In the short run, at least one input is fixed, so that a firm may not be able to achieve the best combination of inputs for its desired level of output. Because of the presence of both fixed and variable costs in the short run, we can identify seven different types of short-run cost curves: total fixed cost, total variable cost, total cost, average fixed cost, average variable costs, average total cost, and marginal cost.

Note: In the long run, no resource costs are fixed. A firm can therefore vary the amount of any of its inputs. In the short run, one or more inputs are fixed.

2. The Set of Total Cost Concepts

Three concepts of total cost are important for analysis of a firm`s cost structure in the short run: total fixed cost (TFC), total variable cost (TVC), and total cost (TC).

Total fixed cost (TFC) is simply the sum of the quantities of the fixed inputs multiplied by their associated prices. In the short run the level of total fixed costs is a constant.

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Similarly, total variable cost (TVC) is the sum of the amounts a firm spends for each of the variable inputs employed in the production process.

Total variable cost is zero when output is zero, because no variable inputs need be employed to produce nothing. However, as output expands, the greater becomes the usage of variable inputs and the greater is total variable cost.

The total cost (TC) of a given level of output in the short run is the sum of total variable cost and total fixed cost:

TC = TVC + TFC

TVC are costs that vary in total in direct proportion to changes in activity. Examples are direct materials and gasoline expense based on mileage driven. TFCs are costs that remain constant in total regardless of changes in activity. Examples are rent, insurance, and taxes.

3. The Set of Unit Cost Concepts

There are four major unit cost concepts: average fixed cost (AFC), average variable cost (AVC), average total cost (ATC), and marginal cost (MC). All of these may be derived from the total cost concepts discussed above.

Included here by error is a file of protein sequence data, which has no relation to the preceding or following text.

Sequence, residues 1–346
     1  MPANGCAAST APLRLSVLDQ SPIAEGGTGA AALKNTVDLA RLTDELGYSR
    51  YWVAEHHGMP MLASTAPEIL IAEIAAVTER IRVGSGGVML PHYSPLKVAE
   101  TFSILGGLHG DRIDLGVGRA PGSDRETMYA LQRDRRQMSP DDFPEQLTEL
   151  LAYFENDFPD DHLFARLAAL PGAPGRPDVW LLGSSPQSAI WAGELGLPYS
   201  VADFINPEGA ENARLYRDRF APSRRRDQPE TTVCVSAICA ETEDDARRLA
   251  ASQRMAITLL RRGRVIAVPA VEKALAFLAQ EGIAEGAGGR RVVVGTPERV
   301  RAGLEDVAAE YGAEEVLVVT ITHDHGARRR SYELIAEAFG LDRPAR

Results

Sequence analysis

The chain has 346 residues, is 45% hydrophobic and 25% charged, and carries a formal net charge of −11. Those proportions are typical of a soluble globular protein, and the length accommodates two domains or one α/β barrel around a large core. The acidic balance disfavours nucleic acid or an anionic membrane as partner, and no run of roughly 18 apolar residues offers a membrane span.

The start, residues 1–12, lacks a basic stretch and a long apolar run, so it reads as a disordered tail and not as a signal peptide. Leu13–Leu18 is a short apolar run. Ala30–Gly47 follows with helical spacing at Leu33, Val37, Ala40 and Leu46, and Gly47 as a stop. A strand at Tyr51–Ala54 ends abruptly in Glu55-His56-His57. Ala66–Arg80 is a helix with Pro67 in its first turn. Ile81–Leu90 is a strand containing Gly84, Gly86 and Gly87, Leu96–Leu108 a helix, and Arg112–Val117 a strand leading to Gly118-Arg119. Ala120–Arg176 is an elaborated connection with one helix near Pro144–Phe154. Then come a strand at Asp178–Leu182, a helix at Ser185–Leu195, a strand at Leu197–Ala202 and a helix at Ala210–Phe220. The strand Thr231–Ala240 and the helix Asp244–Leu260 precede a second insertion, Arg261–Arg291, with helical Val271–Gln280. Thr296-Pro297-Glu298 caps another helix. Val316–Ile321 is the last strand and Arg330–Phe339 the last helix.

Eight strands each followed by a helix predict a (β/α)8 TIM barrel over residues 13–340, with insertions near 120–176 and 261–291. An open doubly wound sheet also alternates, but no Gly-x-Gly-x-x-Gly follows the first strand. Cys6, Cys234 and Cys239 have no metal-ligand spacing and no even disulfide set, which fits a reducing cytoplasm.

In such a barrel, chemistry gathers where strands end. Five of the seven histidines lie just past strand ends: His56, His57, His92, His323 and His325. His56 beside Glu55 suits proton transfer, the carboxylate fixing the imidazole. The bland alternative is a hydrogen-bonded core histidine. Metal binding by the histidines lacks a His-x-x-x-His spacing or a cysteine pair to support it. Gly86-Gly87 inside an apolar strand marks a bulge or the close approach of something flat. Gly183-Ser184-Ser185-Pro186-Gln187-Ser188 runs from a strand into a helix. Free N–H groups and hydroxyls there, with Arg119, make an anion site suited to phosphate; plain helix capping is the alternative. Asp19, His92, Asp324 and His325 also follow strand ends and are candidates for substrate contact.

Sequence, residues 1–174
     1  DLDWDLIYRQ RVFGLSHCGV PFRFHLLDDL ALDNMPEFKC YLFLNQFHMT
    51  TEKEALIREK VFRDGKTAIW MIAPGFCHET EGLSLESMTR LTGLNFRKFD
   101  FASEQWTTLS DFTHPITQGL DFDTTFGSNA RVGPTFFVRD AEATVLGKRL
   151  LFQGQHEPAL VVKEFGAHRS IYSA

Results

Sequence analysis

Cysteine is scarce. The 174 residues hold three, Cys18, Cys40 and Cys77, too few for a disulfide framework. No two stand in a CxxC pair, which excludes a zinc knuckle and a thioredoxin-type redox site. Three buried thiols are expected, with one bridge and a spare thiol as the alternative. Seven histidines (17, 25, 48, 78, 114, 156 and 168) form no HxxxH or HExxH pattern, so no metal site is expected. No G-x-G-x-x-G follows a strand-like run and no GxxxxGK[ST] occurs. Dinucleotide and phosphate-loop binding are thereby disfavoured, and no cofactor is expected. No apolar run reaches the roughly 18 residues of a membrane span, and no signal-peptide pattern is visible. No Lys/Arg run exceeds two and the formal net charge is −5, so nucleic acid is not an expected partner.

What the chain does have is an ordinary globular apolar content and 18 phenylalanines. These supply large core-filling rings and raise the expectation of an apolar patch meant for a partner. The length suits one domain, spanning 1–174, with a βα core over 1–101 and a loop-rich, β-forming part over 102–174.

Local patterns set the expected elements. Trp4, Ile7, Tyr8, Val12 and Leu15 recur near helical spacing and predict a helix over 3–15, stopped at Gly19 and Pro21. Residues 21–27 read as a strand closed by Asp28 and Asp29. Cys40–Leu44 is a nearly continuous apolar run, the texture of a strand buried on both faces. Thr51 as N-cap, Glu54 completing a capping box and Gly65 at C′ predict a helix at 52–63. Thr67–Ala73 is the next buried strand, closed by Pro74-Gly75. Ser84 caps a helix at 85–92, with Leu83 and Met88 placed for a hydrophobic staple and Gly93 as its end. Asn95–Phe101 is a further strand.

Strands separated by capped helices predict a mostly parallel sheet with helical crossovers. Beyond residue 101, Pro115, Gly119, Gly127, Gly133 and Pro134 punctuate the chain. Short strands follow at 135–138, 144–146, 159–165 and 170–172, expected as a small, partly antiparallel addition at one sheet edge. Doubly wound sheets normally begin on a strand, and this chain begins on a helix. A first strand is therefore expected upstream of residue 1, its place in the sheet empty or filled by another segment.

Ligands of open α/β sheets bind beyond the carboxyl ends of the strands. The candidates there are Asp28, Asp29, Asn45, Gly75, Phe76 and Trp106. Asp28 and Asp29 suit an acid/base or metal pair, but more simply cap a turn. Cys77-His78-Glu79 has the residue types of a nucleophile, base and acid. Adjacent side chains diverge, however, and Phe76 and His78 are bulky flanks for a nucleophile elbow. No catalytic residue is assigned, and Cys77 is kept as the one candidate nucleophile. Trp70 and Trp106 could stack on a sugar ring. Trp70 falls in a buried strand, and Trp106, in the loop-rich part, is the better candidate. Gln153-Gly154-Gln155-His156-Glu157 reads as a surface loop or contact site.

Average variable cost (AVC) is total variable cost divided by the corresponding number of units of output, or

AVC = TVC/Q

Average fixed cost (AFC) is defined as total fixed cost divided by the units of output, or AFC = TFC/Q

Since total fixed cost is a constant amount, average fixed cost declines continuously as the rate of production increases. The reduction of AFC by producing more units of output is what business people commonly call spreading the overhead.

Average total cost (ATC) is defined as total cost divided by the corresponding units of output, or ATC = TC/Q

However, since TC = TFC + TVC, ATC = TC/Q = (TVC + TFC)/Q = TVC/Q + TFC/Q = AVC + AFC Graphically, ATC is U-shaped because the AVC is an increasing function, while the AFC is a continuously decreasing function of output.

Marginal Cost

Marginal cost (MC) is the cost of producing an additional unit of output. For example, the marginal cost of the 500th unit of output can be calculated by finding the difference in total cost at 499 units of output and total cost at 500 units of output.

MC is thus the additional cost of one more unit of output. MC is also the change in total variable cost associated with a unit change in output. This is because total cost changes, whereas total fixed cost remains unchanged.

MC may also be thought of as the rate of change in total cost as the quantity (Q) of output changes and is simply the first derivative of the total cost (TC) function. Thus,

MC = .TC/.Q = dTC/dQ